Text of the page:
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Monday, July 20, 2009

Umbrella and Chevy

Had I known of Otto Lilienthal's impressive early pioneering efforts in human flight, it may have inspired more serious and potentially successful efforts of my own as a child. But, having neither the funds, knowledge or resources, my earliest attempts consisted of jumping off my father's Chevy with an umbrella to obtain some type of gliding experience. Of course there was none. Somewhat later, I learned to travel the forest canopy, moving from treetop to treetop ala Tarzan. 
As an adult, still desperate to become airborne, I took 10 hours of flying lessons in the 1970s. But I slowly realized what every aviator knows - flying is a hobby for the rich or at least those with disposable income willing to make the sacrifice. And down the road, some investment in a plane or high rental fees would be necessary. An interest in hang gliding was quickly curtailed with tales of accidents and spinal injuries.
Much later, perusing magazines in a shop in New York City that advertised itself as having an exhaustive selection of titles (over 3000), I was quite shocked to see a magazine on RC (radio-controlled) jets. As a child I had seen tethered U-control planes with their operators circling in a dizzying affair. I had no idea hobby aircraft had advanced to the point that there existed genuine ducted fan engines powering scale model jets. 
But where to see such a thing in New York City? Nowhere. Or so I thought. Yesterday's second excursion to Floyd Bennett Field confirmed what I had read. There is an active club of RC Aviators operating on an unused runway at the decommissioned airfield. A number of enthusiasts were on hand - the displays of flying were very impressive, however what I was seeing was exclusively propeller driven planes. Secretly, I was hoping to see some jets. Soon, my wishes were fulfilled and a couple of jet fliers turned up and flew their aircraft. See my photo gallery here.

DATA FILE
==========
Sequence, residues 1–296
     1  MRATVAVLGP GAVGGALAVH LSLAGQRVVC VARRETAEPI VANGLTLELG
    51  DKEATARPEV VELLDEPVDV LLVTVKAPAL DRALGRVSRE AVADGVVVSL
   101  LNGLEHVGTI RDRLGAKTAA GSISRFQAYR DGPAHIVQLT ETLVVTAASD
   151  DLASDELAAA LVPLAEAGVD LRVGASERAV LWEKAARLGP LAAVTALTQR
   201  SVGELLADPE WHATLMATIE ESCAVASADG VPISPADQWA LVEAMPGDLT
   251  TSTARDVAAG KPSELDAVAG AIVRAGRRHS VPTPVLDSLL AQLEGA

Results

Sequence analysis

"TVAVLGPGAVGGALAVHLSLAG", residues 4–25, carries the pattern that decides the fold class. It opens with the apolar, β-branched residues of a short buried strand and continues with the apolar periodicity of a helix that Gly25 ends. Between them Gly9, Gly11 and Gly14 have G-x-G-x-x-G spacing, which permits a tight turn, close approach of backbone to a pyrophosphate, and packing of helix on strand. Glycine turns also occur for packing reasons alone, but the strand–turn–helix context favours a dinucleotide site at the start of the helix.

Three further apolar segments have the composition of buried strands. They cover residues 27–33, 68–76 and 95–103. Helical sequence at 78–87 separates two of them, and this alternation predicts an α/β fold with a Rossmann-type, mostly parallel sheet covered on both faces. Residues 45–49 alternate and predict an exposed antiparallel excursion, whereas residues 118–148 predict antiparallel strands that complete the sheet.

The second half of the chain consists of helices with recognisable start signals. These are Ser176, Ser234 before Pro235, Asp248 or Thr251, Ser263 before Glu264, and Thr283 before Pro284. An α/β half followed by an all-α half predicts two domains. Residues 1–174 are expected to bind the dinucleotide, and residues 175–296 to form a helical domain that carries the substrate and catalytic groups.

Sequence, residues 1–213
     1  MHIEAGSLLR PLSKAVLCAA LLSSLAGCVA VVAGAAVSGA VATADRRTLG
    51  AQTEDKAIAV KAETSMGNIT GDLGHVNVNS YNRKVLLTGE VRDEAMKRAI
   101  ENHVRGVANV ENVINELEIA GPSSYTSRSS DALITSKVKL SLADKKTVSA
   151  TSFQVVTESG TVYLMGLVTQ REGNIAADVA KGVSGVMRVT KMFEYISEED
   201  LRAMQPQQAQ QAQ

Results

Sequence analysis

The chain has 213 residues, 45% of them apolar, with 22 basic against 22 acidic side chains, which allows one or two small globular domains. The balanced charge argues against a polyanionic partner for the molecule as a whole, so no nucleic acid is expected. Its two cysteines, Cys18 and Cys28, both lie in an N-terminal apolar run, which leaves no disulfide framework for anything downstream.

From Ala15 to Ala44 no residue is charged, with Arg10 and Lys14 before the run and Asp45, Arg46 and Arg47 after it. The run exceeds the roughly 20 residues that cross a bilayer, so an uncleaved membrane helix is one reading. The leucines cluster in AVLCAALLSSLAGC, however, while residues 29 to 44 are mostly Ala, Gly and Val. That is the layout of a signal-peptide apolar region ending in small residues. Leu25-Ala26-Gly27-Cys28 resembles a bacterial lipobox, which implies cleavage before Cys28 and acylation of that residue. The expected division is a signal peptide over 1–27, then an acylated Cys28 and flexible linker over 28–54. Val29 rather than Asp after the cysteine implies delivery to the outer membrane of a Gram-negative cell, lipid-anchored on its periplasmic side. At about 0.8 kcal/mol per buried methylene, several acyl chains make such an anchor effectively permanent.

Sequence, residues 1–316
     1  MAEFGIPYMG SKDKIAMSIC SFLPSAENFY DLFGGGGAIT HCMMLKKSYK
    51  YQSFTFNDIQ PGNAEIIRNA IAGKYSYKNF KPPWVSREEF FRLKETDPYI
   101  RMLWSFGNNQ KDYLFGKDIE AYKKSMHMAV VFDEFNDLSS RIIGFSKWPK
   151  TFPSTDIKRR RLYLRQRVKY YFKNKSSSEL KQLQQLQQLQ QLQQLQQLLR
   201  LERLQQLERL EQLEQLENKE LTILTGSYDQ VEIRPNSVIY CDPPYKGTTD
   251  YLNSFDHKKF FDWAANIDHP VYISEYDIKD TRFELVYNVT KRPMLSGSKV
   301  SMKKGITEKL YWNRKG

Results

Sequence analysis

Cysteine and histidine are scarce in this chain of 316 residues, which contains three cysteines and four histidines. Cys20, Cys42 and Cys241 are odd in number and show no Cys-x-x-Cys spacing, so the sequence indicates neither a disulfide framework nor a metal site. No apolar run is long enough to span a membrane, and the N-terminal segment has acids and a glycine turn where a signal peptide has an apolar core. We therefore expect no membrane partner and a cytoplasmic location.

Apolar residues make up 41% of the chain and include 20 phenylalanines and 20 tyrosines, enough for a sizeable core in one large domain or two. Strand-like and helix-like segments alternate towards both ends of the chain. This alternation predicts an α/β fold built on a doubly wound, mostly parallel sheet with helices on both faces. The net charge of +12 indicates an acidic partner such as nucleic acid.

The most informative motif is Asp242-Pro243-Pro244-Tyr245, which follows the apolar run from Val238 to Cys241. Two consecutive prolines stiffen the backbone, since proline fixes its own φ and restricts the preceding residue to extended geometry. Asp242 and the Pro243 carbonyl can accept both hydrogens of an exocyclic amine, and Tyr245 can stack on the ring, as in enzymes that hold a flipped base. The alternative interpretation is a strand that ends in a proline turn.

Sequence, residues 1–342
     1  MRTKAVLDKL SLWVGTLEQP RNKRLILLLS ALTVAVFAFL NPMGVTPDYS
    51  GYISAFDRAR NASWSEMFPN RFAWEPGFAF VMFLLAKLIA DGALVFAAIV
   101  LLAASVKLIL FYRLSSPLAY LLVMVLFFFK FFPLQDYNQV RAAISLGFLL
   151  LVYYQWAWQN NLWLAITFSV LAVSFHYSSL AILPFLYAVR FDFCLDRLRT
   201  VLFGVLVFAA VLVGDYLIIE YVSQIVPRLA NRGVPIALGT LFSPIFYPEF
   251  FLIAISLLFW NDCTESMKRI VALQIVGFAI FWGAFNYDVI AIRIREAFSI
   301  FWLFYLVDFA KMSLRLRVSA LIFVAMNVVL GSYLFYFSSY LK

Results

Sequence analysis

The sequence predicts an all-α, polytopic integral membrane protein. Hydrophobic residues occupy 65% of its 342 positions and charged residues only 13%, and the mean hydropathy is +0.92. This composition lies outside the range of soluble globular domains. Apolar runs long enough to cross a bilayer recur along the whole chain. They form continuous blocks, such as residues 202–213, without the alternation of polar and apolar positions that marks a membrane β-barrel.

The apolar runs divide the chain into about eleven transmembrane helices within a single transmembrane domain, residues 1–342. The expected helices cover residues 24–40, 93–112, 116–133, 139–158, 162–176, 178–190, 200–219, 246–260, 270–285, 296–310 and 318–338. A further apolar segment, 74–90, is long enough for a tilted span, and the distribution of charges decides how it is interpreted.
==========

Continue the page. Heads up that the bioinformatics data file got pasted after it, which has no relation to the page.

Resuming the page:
I also learned that not only did RC propeller planes exist in both fuel powered engines but jets also were available with electric ducted fan turbine engines. Surprisingly, an entire setup including the radio transmitter can be had for a few hundred dollars. At the other end of the spectrum, some run into the tens of thousands - there are even RC Concordes - I was informed of one perfect scale model with a working hydraulic nose, real windows etc., costing upwards of $30,000. Beats an umbrella and a Chevy :)

Note: I will be posting a video of my excursions to Floyd Bennett Field and the various activities there. Check back here in a few days.


Anonymous said...

Wow. Model airplanes have come a long way. I would guess some would cost several thousand dollars and it would require a skilled pilot to fly them.

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Mary said...

Once again you've shown me that something I'm familiar with has a depth I never realized -- for both Floyd Bennett Field and model airplane flying.


Fábio Paulos said...

nice photografies!

congratulations for your blog!